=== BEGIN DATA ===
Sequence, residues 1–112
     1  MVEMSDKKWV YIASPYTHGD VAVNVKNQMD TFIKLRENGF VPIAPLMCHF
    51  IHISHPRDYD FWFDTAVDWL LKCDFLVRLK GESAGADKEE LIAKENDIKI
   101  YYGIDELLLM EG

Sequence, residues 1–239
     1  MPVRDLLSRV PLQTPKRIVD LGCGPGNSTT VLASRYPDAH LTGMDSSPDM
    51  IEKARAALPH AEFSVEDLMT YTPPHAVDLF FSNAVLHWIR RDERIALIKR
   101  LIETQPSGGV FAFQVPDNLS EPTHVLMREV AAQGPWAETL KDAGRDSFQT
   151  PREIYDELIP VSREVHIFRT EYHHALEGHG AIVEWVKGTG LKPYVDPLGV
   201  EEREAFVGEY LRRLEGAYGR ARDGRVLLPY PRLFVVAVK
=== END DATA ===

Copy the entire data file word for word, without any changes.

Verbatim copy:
Sequence, residues 1–112
     1  MVEMSDKKWV YIASPYTHGD VAVNVKNQMD TFIKLRENGF VPIAPLMCHF
    51  IHISHPRDYD FWFDTAVDWL LKCDFLVRLK GESAGADKEE LIAKENDIKI
   101  YYGIDELLLM EG

Sequence, residues 1–239
     1  MPVRDLLSRV PLQTPKRIVD LGCGPGNSTT VLASRYPDAH LTGMDSSPDM
    51  IEKARAALPH AEFSVEDLMT YTPPHAVDLF FSNAVLHWIR RDERIALIKR
   101  LIETQPSGGV FAFQVPDNLS EPTHVLMREV AAQGPWAETL KDAGRDSFQT
   151  PREIYDELIP VSREVHIFRT EYHHALEGHG AIVEWVKGTG LKPYVDPLGV
   201  EEREAFVGEY LRRLEGAYGR ARDGRVLLPY PRLFVVAVK